Mar 12, 2003
Back in the 30s I remember standing on the rear platform, watching the manual crossing gates rising one by one as we passed slowly through Dunkirk. In 1940 the tracks were elevated, eliminating the road crossings. However, the passenger station wasn't built until after the war, but still using the old Erie RR station/hotel. The new station was a small brick structure at ground level. A divided tunnel led from the waiting room to a stairway up to the platform between Tracks 1 & 2. The other section ran from the loading area to an elevator for the baggage/mail carts, called trucks.
When I was at Dunkirk Ticket 1960-1961, there was no Baggageman on 2nd Trick. One of the trains I worked was #51. I loaded baggage onto the LW combo, storage mail onto a HW baggage car and First Class mail on and off a HW RPO, in that order. On this particular day the RPO Clerk was a little slow handing me his sacks, and the train began moving! As he pulled by the old crab of a Conductor yelled, "We can't wait around for you to do your visiting!" I screamed back, "Up your a--!" When I got back down to the office I was trembling with rage. I called the Chief, Fred McCurdy, and told him it was easy enough to get killed around here, and when I'm working a train I expect it to stand still. I never saw old man Dugan after that. He either stayed inside, bid another job or retired.
One day #51's Conductor (I think his name was Anderson) said he had a teenage girl who got carried by Buffalo. She was enroute to a Canadian destination and had left the Detroit coach in Buffalo. When she reboarded the train the Detroit section had departed. I tried to calm the hysterical girl during the two hour wait for #208 to get her back to Buffalo. I notified the Station Master at BCT to have someone from Travelers Aid meet her on arrival. All in a day's work.
Mar 15, 2003
In the mid 50s this system was replaced by an oil-soaked sponge, held in place by a spring clip in the bottom of the box. It eliminated waste grabs, but the drawback of this setup was that if the sponge dried out there was no warning of a hotbox, other than its high-pitched squeal. This situation was remedied by hot box detectors every 20 miles or so. They relayed the presence of excess heat to recorders in the Dispatchers' office.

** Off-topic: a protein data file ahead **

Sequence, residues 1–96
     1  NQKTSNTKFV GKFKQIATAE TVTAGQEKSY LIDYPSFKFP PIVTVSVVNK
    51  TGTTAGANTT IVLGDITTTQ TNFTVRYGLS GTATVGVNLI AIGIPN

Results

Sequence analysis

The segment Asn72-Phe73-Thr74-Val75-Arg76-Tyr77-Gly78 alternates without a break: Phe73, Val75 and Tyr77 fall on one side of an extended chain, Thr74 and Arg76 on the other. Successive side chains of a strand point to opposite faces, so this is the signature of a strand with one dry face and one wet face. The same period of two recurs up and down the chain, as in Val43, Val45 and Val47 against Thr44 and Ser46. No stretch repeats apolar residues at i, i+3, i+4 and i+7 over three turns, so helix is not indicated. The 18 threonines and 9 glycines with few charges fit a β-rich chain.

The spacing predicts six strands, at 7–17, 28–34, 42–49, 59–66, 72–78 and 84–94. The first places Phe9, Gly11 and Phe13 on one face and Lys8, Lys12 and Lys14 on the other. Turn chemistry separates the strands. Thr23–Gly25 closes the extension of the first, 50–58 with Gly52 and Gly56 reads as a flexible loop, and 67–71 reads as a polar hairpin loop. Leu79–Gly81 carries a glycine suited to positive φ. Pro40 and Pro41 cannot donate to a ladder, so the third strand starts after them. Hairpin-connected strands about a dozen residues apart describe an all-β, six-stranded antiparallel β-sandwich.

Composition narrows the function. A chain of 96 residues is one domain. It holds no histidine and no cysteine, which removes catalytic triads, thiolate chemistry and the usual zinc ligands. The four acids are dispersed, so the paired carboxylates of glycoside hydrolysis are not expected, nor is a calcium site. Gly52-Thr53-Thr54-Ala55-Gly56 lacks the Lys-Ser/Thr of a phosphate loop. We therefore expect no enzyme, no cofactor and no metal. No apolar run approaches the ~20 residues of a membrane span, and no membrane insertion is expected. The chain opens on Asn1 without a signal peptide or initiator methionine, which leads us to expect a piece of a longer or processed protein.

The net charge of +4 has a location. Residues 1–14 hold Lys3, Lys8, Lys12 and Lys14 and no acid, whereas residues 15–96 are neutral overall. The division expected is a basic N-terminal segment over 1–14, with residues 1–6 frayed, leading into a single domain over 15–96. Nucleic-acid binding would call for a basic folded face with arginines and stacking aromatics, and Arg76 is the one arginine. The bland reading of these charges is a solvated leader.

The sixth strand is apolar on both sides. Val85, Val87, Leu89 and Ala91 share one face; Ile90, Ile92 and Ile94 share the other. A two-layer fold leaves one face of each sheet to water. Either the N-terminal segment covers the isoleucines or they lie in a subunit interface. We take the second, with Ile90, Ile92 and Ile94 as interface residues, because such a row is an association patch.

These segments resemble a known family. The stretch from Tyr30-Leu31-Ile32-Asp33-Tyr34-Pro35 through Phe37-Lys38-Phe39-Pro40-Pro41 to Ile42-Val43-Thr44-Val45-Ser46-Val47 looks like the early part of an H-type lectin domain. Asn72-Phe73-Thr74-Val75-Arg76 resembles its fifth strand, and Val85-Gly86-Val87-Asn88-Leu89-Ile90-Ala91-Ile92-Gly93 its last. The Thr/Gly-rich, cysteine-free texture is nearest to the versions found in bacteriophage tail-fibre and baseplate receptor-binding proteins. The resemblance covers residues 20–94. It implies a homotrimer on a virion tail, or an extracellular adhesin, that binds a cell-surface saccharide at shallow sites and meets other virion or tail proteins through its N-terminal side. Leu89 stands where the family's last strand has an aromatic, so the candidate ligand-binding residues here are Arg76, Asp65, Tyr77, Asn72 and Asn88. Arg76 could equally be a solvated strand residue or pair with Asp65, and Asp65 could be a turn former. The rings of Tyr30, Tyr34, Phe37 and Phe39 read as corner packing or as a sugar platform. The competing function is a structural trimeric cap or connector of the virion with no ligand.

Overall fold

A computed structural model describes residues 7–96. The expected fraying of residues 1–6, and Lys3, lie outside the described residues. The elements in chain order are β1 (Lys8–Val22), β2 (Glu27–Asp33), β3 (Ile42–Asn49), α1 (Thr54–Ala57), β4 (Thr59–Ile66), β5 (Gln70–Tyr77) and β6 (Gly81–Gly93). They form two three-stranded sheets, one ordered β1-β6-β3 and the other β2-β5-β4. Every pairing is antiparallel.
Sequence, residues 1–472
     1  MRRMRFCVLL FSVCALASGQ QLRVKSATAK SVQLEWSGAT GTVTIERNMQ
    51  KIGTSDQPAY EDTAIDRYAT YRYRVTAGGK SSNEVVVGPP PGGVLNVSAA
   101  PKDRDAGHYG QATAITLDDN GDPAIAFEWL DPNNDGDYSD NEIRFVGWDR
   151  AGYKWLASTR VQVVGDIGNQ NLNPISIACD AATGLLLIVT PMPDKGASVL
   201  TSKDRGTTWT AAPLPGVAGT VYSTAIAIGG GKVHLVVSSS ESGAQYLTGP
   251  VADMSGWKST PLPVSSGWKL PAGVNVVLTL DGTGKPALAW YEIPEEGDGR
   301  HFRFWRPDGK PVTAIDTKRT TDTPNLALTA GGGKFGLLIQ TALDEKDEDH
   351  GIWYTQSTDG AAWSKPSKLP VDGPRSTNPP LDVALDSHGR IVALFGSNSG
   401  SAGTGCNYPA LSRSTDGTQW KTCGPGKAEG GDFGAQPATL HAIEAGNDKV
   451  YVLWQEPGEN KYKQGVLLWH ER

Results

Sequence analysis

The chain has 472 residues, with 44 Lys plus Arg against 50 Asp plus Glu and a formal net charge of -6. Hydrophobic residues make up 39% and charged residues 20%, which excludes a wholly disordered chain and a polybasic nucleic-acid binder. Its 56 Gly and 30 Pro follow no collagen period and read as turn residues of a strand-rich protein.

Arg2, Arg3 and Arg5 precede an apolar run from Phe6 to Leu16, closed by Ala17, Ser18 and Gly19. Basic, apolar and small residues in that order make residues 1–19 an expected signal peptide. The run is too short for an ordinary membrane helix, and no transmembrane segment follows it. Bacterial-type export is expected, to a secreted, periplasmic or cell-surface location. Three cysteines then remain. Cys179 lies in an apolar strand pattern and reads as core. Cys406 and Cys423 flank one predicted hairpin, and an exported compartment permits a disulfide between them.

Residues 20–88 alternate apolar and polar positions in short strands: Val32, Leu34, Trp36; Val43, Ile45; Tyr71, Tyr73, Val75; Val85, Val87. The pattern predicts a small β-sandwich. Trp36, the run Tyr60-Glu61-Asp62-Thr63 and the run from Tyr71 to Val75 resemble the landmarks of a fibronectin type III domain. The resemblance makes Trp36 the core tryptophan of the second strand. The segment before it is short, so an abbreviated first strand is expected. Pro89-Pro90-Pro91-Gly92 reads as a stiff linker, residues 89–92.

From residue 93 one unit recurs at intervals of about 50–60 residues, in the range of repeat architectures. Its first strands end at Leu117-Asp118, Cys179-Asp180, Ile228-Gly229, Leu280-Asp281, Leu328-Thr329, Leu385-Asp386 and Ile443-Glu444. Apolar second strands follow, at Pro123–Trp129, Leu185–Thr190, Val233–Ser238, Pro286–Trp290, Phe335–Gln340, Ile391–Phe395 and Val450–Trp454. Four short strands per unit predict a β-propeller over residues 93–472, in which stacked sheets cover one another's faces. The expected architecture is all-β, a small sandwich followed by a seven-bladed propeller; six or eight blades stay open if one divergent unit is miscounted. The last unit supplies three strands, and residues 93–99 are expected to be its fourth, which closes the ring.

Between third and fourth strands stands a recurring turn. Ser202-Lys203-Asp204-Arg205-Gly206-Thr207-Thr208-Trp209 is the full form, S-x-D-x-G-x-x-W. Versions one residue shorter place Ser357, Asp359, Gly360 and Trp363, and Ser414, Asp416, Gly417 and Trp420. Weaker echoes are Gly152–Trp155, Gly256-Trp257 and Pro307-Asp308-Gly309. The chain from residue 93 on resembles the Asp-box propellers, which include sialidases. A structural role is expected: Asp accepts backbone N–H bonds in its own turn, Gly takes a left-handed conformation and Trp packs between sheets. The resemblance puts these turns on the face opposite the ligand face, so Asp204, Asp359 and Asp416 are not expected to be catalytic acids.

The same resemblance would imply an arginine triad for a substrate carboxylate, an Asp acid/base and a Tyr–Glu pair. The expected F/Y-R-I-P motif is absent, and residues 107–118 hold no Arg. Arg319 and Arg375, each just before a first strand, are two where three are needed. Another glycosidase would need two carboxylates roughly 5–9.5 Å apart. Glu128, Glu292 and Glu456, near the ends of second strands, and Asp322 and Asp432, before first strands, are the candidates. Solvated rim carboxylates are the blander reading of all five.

I don't remember its symbol but we handled a unit train consisting of 70-ton capacity gons loaded with large slabs of steel, moving from Bethlehem Steel Co. in Lackawanna (Seneca) to their mill at Burns Harbor, IN. When I was working the Report job in Cleveland part of my duties included reading the tapes spewed out by the recorders. One day Supt. Swanson came into my cubbyhole just as I signaled the East End Dispatcher of an indication on the slab train at Silver Creek. I told Mr. Swanson, "You're gonna have hotboxes on this train all summer long unless you can get Buffalo to oil the boxes before it leaves Seneca." He snarled, "You just pay attention to the recorders!" But a few months later mechanical oiling devices were installed at Collinwood for the eastbound trains of empties. Did I get any credit for my suggestion? Hardly. Did it eliminate burn-offs? Not quite.
Sometime later the slab train had an indication at this same detector, this time the 7th car from the caboose. I told the head end to pull down far enough at the depot to clear the Interlocking at CP 85, then told the Yardmaster at East Yard to have his engine take off the bad order from the rear. But Louie Albert, the Chief, happened by and overruled me, telling the YM that the railroad was "too busy" to make that move. Actually, it would have taken all of 15 minutes. He told me to make the setout at CP 92 (Chapel Road). I was then relieved by 1st trick and went home. The next day I learned the journal had burned off when they were setting the car out (that must been some maneuver). The crew outlawed there. Not a word was ever said to me about it. Evidently these incidents, which used to be considered very serious, were now the least of Management's woes.
Jim Peters "Tales of the Rails" stories are Copyrighted by Jim Peters Ja76peters@aol.com and may not be used without his express permission.
"My Dad, Al Peters, was a Trainman and Conductor, starting with the NYC in 1916. Retired in 1968. I started in 1942 as Agent-Operator, and worked on the Erie Division until retiring on disability in 1981. Some of the positions I worked were Freight Agent, Ticket Agent, Teletype Operator, Dispatcher Report Clerk and Train Dispatcher in the Cleveland Union Terminal, when the Erie Division and Cleveland Divisions were consolidated in 1963. Altogether I worked at 20+ stations and offices in New York, Pennsylvania and Ohio, Main Line and Valley Branch. - Jim Peters